Copyright and Donations
Copyright Notice: All images on this page are copyright by Rod Whitby, with all rights reserved.
An off-contract device purchased at full price ($550 including shipping to Australia) by Rod Whitby was used in this tear-down. To recoup that cost, your PayPal donation is requested.
Further pictures of the internals of the Veer (including high resolution shots of the circuit boards) will be added to this page as they are taken.
If you wish to use any of these images in any way, please contact @webosinternals on Twitter.
AnandTech and Engadget have been granted a license to use any images from this page (with attribution).
The HP Veer
First, here is the rear of the device before disassembly starts. As you can see, it's an AT&T Veer.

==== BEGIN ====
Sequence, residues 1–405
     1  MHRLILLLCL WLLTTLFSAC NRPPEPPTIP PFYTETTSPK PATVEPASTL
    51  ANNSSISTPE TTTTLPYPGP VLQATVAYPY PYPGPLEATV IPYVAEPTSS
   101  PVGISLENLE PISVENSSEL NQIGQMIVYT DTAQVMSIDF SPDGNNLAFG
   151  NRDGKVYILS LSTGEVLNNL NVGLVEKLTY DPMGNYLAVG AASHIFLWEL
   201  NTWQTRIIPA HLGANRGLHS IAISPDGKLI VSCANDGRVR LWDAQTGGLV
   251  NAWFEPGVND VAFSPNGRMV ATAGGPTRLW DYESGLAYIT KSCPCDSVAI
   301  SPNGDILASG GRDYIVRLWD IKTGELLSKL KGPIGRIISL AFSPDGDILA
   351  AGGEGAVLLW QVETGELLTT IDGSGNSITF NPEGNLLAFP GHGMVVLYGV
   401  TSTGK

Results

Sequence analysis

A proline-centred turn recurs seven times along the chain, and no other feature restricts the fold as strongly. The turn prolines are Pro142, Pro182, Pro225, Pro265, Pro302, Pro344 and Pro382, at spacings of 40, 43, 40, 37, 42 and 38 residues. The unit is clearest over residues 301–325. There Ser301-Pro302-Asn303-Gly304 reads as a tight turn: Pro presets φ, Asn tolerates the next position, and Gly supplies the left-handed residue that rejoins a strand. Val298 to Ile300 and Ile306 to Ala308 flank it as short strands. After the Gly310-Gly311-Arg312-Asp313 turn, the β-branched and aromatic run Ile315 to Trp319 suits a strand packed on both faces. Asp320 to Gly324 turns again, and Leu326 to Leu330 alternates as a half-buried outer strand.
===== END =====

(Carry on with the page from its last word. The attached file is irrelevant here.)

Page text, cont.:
To be very clear, this is a device which was purchased at full price off-contract from an AT&T store. There are no strings attached to this device. It was not a free or discounted developer device. The device did not come from HP. There is no NDA, embargo, convenant, or other restriction on this device.
It was used to test Preware, Impostah, Govnah, and other homebrew applications for the Veer. All that was very successful, and I can report that all tested homebrew applications and patches ran safely and correctly on the Veer.
Then it was used for further hard-core command-line investigation into the new "tap to share" interface (which is controlled by an "A6" chip). That's when things went wrong, and the device was permanently bricked. To prevent this happening to you, stay away from the PmA6Updater binary.
Hence there are no qualms in dismantling it. So that we shall do now ...
Initial keyboard separation
Separate the plastic around the bottom of the keyboard and the sides of the phone using your fingernail or a spudger.
Initial lower half separation
Further separate the backplate at the bottom of the phone and along the sides, but do not pull it any further apart than this.